Academic Stories

Interdisciplinary summer program examines the role of water in society

Apply to the 2020 College Summer Institute in the Arts, Humanities and Social Sciences

Each summer, a cohort of undergraduate students and distinguished faculty from the University of Chicago come together to undertake collaborative research projects in the College Summer Institute in the Arts, Humanities and Social Sciences. Aimed at rising third- and fourth-year students, the five-week-long program supports faculty-mentored research projects related to that summer’s theme. With support from faculty in a variety of disciplines, participants learn how to conduct archival research, are exposed to other methods of humanistic inquiry and acquire the necessary skills to undertake research projects, including a BA thesis.

In the first iteration of program in 2018, students spent the summer delving into Chicago’s rich urban history in The City as Archive: Chicago in the American Century. In 2019, undergraduates sought to understand the role of non-anthropoid beings in Thinking Beyond the Human: On Animals, A.I. and Others. Through these topics, faculty and undergraduates from different disciplines collaborated to generate innovative thinking on some of today's global issues.

This year’s theme, The Place of Water: History, Presence and Futures, invites students to explore the social, historical and cultural dimensions of water, guided by scholars whose own work considers the place of water in literature, history, the creative imagination and our contemporary moment. The program begins with weekly seminars that include scholar-led discussions around the theme from a multi-disciplinary perspective. Students receive individual support from their research mentors and the University libraries as they begin to shape their own research. When the College Summer Institute reconvenes in September, the students and their research mentors spend time further developing their research, writing and creative inquiry projects in a collaborative environment.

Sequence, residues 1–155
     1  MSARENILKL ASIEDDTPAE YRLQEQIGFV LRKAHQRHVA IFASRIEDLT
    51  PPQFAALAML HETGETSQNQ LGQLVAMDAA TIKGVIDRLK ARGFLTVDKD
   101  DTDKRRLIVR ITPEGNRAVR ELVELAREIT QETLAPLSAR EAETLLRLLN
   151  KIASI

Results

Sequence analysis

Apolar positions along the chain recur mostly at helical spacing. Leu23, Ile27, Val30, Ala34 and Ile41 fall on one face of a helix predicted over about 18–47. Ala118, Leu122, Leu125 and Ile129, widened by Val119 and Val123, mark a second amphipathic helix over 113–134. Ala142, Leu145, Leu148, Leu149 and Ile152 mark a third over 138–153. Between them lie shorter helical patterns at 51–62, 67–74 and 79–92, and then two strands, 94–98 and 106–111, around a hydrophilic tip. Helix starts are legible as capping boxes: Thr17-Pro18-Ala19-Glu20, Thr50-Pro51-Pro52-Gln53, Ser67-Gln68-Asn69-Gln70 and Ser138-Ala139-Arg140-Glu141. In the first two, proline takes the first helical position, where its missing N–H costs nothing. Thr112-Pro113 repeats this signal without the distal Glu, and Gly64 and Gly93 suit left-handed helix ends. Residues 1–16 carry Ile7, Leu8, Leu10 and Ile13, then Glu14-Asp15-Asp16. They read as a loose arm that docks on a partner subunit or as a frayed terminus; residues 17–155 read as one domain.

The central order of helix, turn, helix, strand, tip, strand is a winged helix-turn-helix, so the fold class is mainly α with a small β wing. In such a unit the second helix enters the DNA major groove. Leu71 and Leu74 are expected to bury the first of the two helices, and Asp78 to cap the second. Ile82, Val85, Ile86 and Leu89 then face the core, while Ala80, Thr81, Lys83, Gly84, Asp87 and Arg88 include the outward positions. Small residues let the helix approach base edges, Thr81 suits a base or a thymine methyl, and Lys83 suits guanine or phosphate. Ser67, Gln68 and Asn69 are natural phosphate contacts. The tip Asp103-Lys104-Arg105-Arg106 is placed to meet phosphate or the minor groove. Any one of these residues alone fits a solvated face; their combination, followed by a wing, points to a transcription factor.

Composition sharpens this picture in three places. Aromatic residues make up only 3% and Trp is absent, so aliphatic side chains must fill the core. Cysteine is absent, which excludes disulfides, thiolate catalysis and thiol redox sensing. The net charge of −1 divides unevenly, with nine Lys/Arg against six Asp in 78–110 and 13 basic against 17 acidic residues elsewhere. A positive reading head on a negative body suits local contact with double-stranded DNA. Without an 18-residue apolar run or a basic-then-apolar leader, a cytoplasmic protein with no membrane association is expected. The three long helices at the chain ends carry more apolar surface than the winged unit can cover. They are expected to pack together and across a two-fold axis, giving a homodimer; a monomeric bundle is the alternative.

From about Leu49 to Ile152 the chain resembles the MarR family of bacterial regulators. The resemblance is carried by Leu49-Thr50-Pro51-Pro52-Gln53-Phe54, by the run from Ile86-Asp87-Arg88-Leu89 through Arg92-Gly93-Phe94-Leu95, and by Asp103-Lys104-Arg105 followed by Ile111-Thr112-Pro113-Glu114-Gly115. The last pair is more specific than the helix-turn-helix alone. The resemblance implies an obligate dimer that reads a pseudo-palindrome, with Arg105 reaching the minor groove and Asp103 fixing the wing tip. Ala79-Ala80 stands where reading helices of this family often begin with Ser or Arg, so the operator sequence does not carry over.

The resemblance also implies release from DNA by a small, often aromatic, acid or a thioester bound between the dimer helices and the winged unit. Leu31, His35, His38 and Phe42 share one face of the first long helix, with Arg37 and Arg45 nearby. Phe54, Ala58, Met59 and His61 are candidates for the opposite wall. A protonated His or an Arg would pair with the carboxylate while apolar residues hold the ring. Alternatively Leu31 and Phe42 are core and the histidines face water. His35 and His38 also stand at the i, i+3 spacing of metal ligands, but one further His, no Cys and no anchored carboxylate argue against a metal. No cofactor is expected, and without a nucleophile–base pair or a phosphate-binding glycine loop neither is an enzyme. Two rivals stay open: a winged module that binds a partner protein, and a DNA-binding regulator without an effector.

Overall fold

At the end of the program, during O-Week, students present their research to the University community in a closing symposium, in which they have the chance to showcase their research project to a wider audience and answer questions about their work.

Meet the 2020 College Summer Institute Faculty Mentors

Sabina Shaikh is director of the Program on the Global Environment and a senior lecturer in Environmental Studies and Urban Studies in the College; faculty in the Committee on Geographical Sciences in the Social Sciences Division; and faculty director of the Chicago Studies Program. Shaikh’s area of study focuses on the economics of both environmental policy and natural resource management, and how sustainability plays into the two. Currently, Shaikh leads a team researching water sustainability in the Mekong Basin of Cambodia.

Nora Titone is a resident dramaturg at the Court Theatre located on campus and a lecturer in the English, History and TAPS departments in the College. She is the author of a historical nonfiction book: My Thoughts Be Bloody: The Bitter Rivalry of Edwin and John Wilkes Booth. She further works as a historical researcher for various academics, playwrights and writers. As a historian, Titone specializes in understanding the progression of history and how events build on one another. 

Stephanie Solieu is an assistant professor of practice and arts in the Creative Writing Program. She has a bachelor’s degree in English from the University of Chicago and an MFA from the Iowa Writers’ Workshop–as such she brings a creative literary perspective to her research. Born in Louisiana, Soileu evokes her cultural lineage to write about the politics in the state affected by global environmental change and decay due to the prevalent oil industry. Later this year, her most recent collection of short stories will be published, titled: Last One Shut Out the Lights.

Victoria Saramago is an assistant professor of Hispanic and Luso-Brazilian Studies. In her research, she focuses on 20th and 21st centuries in Latin-American literature. This year, her book, Fictional Environments: Mimesis, Deforestation, and Development in Latin America will be published. The novel investigates the link between real environments and their fictional counterparts in terms of environmental concerns and policies.

Read more about the faculty mentors


Applications to the 2020 program are due Feb. 3, 2020. For more information and to apply to the program, visit:

The College Summer Institute in the Arts, Humanities, and Social Sciences is a collaborative initiative supported by the Humanities and Social Sciences Collegiate Divisions, the Reva and David Logan Center for the Arts and the College Center for Research and Fellowships.